Penrod is a rare commodity herself as the department’s lone female police officer. A 2005 graduate of OPOTA through Clark State, she is currently celebrating her one-year anniversary with the YSPD.
Gault is the first in his family to choose a career in law enforcement. Penrod’s father was a correctional officer for many years in southeastern Ohio and three other family members worked for the NYPD including an uncle who was chief of homicide. Her first career was in nursing, working for eight years first at Children’s Hospital and then Grant Hospital in Columbus. After having a child and staying home for a few years, she took a job at the Fairborn Police Department as a dispatcher in 2004.
“People don’t realize what an important job that is,” explained Penrod. “The officers’ lives are in the dispatcher’s hands. The dispatcher gets all the information the officer needs to make going out on the call as safe as possible.” According to Penrod, a lot of people start out in law enforcement as dispatchers. They want to help people and make a difference in their community but they also want to stay safe behind the bullet-proof glass. Once they get into the dispatcher’s chair, however, and see what a difference they can make, they will often get “the law enforcement itch.”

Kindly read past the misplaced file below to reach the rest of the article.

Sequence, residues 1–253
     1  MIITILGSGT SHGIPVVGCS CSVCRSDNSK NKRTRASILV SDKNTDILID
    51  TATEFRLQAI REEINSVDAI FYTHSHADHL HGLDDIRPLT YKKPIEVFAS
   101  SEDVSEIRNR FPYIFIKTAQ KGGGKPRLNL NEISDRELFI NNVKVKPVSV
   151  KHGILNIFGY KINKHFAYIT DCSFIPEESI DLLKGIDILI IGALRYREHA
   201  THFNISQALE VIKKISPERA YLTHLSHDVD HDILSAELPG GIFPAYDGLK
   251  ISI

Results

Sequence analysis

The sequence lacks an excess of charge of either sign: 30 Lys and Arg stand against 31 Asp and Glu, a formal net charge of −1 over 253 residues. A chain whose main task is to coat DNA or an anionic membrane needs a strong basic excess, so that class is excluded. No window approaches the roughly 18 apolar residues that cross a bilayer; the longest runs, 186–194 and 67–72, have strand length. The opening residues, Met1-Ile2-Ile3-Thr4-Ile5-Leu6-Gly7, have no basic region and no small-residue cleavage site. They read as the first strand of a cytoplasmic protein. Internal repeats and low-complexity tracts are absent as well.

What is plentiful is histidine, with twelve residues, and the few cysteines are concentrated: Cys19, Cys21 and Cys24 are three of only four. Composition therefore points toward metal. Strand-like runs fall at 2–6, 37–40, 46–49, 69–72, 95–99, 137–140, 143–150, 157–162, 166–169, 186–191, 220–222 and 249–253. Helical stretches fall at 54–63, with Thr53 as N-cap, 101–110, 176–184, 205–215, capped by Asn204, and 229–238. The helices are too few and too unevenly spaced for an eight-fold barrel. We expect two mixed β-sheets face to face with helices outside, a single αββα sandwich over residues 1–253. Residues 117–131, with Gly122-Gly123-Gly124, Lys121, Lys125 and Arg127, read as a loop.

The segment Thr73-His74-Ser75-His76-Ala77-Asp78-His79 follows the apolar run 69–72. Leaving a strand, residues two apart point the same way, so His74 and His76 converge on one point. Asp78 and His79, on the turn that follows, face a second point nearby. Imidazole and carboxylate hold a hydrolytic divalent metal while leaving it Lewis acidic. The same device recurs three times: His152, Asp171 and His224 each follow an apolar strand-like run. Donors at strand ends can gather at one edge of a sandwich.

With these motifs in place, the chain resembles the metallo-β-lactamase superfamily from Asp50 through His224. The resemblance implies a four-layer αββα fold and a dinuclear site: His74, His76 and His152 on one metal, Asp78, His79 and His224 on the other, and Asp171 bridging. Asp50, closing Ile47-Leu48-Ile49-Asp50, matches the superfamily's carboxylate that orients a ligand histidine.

“That’s what happened to me,” she said.
Penrod, who lives in Fairborn, continues to keep her dispatch and jail credentials up-to-date and still works part-time at the Fairborn Police Department. This full circle of service provides a background that is beneficial for Penrod, the new recruits she trains, the department on the whole, and — ultimately — the Yellow Springs community.
“Right now, [YSPD] has got a younger, very thriving group of officers,” said Penrod. “There are a group of us constantly going to trainings. We’re very fortunate to have that here in YS. We can take that training and train other agencies.”
Both Gault and Penrod appreciate the opportunities that have been given to them through Police Chief Grote. “He’s really opened a lot of doors for us,” said Gault.
“If you make a mistake,” explained Penrod, “he’s the kind of chief who will say, ‘Okay, let’s see where your mistake is, let’s learn from it, let’s teach you a better way.’ I feel very fortunate to have Chief Grote as our leader.”
Officers Gault and Penrod acknowledge the personal accountability that comes with the job. “We not only represent ourselves but we represent Yellow Springs and most important, we represent our chief at all times, and to the best of our ability,” said Penrod. “Our conduct on duty is just as important as off-duty.”
For more information about the Ohio Peace Officer Training Academy, contact (937) 328-6050 (at Clark State) or (937) 512-2270 (at Sinclair).
Originally published in the Yellow Springs News.
Susan Gartner is a freelance writer and photographer for the News.